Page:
This necklace of shells and beads honors the seal-hunting
traditions of the Makah people.

Another interesting fact was that the wife of the man who would do the harpooning was required to go to bed, not eat and be quiet while her husband was off looking for, and getting, the whale. It was believed that if she was peaceful, her husband would not have to deal with a thrashing and dangerous whale and he would come home with a successful hunt's reward, a large and bountiful whale. The other women in the tribe would care for her, wash her, attend the children, and generally support her for the two or three days of the hunt. In this I can really see the concept of "it takes a village..." at work.

The Makah Cultural and Research Center Museum is well worth a visit.
It will take at least two hours to complete the tour and shop at the store.
In late August each year Neah Bay celebrates Makah Days, honoring the day years ago when the tribe accepted the flag of the United States to fly over their territorial lands. But it is sad to realize that the Treaty of 1855 took much of the land the tribe used, limiting their use to about one third of the original area claimed by the Makah. However, the elders were astute enough to keep in their rights to hunt whales and in May, 1999, knowing the whale population had improved, they asserted those rights and did go and bring back one grey whale, the bones of which are displayed in the museum.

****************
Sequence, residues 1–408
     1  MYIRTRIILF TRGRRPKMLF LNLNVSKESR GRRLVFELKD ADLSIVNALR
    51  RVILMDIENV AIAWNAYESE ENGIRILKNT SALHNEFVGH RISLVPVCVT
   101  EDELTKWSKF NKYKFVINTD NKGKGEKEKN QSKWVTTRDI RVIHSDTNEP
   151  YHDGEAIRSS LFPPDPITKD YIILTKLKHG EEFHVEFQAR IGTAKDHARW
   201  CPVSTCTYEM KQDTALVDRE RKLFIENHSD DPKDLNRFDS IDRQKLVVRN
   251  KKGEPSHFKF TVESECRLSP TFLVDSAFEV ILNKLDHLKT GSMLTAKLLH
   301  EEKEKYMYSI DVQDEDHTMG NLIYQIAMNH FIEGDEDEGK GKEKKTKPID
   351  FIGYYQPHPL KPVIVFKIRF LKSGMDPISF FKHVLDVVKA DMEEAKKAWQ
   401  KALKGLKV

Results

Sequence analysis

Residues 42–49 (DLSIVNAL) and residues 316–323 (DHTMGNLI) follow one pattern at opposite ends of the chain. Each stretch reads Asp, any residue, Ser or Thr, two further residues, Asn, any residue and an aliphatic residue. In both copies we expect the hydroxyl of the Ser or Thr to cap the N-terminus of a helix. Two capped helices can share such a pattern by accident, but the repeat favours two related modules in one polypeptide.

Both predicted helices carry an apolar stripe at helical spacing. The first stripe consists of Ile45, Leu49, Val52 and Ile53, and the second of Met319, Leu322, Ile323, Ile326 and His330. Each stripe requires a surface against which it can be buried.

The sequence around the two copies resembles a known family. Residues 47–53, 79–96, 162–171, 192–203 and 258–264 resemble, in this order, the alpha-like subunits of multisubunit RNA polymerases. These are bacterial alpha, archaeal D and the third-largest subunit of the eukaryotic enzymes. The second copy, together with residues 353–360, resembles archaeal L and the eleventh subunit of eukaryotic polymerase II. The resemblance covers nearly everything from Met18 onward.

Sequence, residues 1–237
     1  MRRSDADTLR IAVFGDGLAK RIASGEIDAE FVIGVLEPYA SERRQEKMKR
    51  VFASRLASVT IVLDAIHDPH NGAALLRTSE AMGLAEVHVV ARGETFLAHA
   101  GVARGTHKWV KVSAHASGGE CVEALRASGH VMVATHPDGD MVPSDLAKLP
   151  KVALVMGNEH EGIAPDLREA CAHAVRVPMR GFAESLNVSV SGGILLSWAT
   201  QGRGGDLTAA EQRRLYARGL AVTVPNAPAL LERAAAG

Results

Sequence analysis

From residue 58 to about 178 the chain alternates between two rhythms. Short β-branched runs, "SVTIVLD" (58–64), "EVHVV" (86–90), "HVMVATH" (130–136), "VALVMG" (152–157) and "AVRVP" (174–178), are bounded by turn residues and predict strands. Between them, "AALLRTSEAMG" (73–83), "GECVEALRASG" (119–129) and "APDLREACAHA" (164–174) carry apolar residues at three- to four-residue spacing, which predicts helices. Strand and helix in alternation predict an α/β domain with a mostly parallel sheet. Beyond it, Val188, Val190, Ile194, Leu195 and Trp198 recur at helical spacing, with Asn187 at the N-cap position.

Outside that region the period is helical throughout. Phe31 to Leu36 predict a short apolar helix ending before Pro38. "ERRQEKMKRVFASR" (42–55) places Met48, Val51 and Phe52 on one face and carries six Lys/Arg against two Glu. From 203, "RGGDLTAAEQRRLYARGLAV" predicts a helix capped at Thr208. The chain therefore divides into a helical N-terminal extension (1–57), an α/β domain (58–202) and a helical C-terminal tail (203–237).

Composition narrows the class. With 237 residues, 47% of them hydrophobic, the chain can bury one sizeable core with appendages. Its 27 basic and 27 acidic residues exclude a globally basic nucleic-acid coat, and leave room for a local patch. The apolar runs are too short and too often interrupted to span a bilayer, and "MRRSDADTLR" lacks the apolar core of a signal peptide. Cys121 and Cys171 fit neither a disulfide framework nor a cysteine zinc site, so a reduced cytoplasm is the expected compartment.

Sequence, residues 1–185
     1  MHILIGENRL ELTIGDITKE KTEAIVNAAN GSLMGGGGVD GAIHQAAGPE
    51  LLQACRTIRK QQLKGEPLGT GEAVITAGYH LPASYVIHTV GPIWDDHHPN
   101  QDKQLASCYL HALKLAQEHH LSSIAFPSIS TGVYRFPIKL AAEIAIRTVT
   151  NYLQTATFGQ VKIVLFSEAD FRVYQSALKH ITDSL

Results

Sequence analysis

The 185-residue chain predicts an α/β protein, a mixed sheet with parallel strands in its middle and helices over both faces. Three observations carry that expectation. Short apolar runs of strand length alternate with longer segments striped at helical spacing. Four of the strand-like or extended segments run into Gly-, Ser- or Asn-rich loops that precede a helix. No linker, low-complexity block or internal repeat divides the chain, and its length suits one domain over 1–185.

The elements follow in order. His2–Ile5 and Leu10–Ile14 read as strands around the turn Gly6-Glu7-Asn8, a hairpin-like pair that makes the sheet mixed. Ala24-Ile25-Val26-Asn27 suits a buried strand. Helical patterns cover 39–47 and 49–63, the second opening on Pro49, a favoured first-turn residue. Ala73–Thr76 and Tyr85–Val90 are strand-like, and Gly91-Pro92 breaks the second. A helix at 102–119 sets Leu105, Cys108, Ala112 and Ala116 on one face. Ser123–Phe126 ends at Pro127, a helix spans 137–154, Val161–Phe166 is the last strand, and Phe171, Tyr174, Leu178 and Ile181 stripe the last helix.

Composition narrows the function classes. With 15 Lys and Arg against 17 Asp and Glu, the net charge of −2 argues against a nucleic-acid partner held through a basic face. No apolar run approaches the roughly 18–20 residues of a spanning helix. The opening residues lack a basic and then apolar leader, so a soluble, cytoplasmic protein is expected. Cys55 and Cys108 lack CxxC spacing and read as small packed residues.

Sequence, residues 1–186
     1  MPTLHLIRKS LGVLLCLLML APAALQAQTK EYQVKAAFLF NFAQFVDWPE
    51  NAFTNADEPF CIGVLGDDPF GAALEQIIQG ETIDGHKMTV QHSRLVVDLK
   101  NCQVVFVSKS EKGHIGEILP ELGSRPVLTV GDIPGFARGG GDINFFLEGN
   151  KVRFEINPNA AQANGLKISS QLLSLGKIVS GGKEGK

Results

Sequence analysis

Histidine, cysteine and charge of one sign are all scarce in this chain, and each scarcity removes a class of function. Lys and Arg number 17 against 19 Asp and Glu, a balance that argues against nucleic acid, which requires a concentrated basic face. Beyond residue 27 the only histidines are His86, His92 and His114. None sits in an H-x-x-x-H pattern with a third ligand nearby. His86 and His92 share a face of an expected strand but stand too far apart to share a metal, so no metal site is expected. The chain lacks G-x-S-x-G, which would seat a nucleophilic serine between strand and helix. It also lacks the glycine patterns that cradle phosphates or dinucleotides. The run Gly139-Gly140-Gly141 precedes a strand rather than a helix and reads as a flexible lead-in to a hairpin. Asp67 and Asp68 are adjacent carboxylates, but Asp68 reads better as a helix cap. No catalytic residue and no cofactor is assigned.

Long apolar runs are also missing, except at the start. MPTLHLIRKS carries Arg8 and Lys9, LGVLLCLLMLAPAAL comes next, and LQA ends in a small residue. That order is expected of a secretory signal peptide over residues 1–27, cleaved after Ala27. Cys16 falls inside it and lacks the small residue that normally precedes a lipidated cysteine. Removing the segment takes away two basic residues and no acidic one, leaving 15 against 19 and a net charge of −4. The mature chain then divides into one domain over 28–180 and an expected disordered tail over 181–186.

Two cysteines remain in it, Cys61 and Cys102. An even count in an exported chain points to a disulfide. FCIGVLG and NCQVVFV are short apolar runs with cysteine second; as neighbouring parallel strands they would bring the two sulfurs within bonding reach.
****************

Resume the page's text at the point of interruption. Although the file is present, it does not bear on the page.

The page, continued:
The Makah people are instrumental in coordinating the annual 'journey' of native peoples by canoe and boat, a celebration of the old ways of living. This year the journey is in July, but the actual date was not discussed. Here is a link for the calendar of events of native peoples on the Olympic Peninsula. It should be a photographer's dream with all the colorful regalia (native dress and ornamentation) and events... I hope to be able to go and report on it, but I also have Colombia calling me, so we shall see what evolves.

At least no one was hurt in this drive-by shooting... and you can see more pictures here.

1 comment:

  1. What a wonderful and informative post, Sandy! I really enjoyed reading this. Take care of yourself, kiddo!